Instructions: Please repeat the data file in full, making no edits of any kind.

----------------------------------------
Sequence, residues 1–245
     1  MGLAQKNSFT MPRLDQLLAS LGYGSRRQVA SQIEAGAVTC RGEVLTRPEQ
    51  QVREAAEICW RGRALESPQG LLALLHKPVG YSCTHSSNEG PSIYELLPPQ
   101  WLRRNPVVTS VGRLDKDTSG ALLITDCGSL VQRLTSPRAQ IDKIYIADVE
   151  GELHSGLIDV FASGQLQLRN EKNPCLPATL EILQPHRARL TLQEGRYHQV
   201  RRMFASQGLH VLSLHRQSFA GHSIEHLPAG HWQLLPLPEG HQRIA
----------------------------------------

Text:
Sequence, residues 1–245
     1  MGLAQKNSFT MPRLDQLLAS LGYGSRRQVA SQIEAGAVTC RGEVLTRPEQ
    51  QVREAAEICW RGRALESPQG LLALLHKPVG YSCTHSSNEG PSIYELLPPQ
   101  WLRRNPVVTS VGRLDKDTSG ALLITDCGSL VQRLTSPRAQ IDKIYIADVE
   151  GELHSGLIDV FASGQLQLRN EKNPCLPATL EILQPHRARL TLQEGRYHQV
   201  RRMFASQGLH VLSLHRQSFA GHSIEHLPAG HWQLLPLPEG HQRIA